The picture above is looking west, shot from near where The Shortstop is located today. You can see where the Esso station was and the original Shell station. In the background, you can see the town’s original water tank located on the McAlister property.
You did not have to travel much further down Hwy 64 until you came to the Crown Station. It was on the corner of Moffitt Street and across from Hayes Variety Store. The Crown station was owned by Julian Brady, who ran the store into the early 70s. The building later became Pat & Al’s Diner and then Sherry’s. Today the lot is home to Edmonds Motors. The Crown station did not do major auto repair but was a popular place for the locals to visit.
Just one block further down the road was the iconic Gulf Station. I have many fond memories of this place while I was growing up in Ramseur. Claude Hardin and Tate Kirkman started out at a Texaco station that was located near the old Coble Dairy on 64. They purchased the Gulf Station on the corner of Liberty Street across from the Ramseur School in the late ’60s from Howard Wright, and the rest is Ramseur history.
The H&K Gulf Station was the place to go if you were a teenager from Ramseur in the late 60’and early 70’s. Claud Hardin and Tate Kirkman had to be very tolerant for putting up with the dozens of young people and cars that converged on the small station on weekends. Their location across from the Ramseur School made for an ideal stopping place for a lot of kids on their way to school and when they got out. There was always a cabinet full of tootsie rolls, mellow cups, chewing gum and jawbreakers, and a variety of cakes and snacks to choose from. Cigarettes were 25 cents a pack and drinks from the Coke machine outside were 15 cents. It was” the” place to meet up on weekends before heading out to Liberty Drive-In or some other hangout. On Sundays when the station was closed, the horseshoe pit in the back of the lot was busy. Boys would sit on top of their cars listening to the latest soundtrack and looking for girls that sometimes circled the block. The only stoplight in town was on the corner, and a perfect place to be seen. Once when Claude and Tate found a bunch of trash in their parking lot on Monday morning when they opened the station, they stopped everyone from hanging out there… That lasted for about a week. After that, everyone made sure the parking lot was clean and all trash was picked up. Tate and Claude operated a full-service station. They sold tires and did just about everything you would expect from a full-service station. When a car pulled over the cable that rang a bell, someone would come out and pump your gas for you. If you wanted your windshield washed or tires checked, they would do that too. Gas was 32 cents a gallon in 1969 and you could drive clear to Myrtle Beach on $5.00. The Gulf changed hands several times after Claude and Tate retired. It was sold to Hal Leonard who ran it from 76 -79, then Albert Burr who sold it to Don Owens in 81, and then to Roger Brown and Jerry Wolf who operated it for a couple of years until it was sold to Gene Coley… then back to Roger and then it was demolished. Now the space is occupied by BP and McDonalds.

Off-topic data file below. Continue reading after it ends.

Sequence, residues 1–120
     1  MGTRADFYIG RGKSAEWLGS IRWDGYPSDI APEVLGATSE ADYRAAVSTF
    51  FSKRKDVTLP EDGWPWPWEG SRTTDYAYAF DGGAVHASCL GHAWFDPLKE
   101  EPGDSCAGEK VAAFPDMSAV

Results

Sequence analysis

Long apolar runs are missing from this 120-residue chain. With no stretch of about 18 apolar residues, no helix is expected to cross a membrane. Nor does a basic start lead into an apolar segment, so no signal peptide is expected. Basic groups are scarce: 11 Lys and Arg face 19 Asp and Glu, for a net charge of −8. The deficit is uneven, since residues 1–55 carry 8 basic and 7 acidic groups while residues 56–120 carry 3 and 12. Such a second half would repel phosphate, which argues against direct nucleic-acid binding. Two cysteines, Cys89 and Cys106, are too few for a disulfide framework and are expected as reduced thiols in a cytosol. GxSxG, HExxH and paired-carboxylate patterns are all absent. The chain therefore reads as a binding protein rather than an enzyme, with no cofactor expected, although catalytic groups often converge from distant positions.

Back in the 1950s, Paul Smith operated a Pure Gas Station where the car wash is now on Hwy 64. In 1958 he converted it into Paul’s Bar B Que and Grill. It closed a couple of years later. Howard Brady opened his Oil Company and Gas Station next door where Allen Insurance is today. While Howard’s was not the “hang out” that some of the other stations were, the customers always received a friendly welcome. Their main business was heating oil, but you still got full service when you drove up for gas.
A Texaco station was located beside where Domino’s is now and just west of the old Coble Dairy site. The business was originally owned by Ed York, who had a Texaco distributorship on Watkins Street The business was operated briefly by Claude Hardin and Tate Kirkman for a while, then sold to Carl Cross around 1971 and later became known as Lee’s Texaco. Roger Brown and Jerry Wolfe operated it from ‘82 thru’83.
There were at least three more service stations along US 64 going East before you got to Siler City. One was owned by another Brady from Ramseur. Bill Brady built a station at the intersection of Lee Lane Road and US64, where the Citco is now. He operated the station and a small grocery there for several years. It had two pool tables and was also popular with the locals. The station was later sold to Red Hurley before it became a Citco station.
Going west, past the Deep River bridge, there was a Sinclair station just down from the intersection of Pleasants Grove Church Road, and at least four more before you got into Asheboro. Automobiles did not get the gas mileage that they do today, but gas was cheap, and there were many stations to choose from. Highway 64 was North Carolina’s “Route 66” and Ramseur was right in the middle.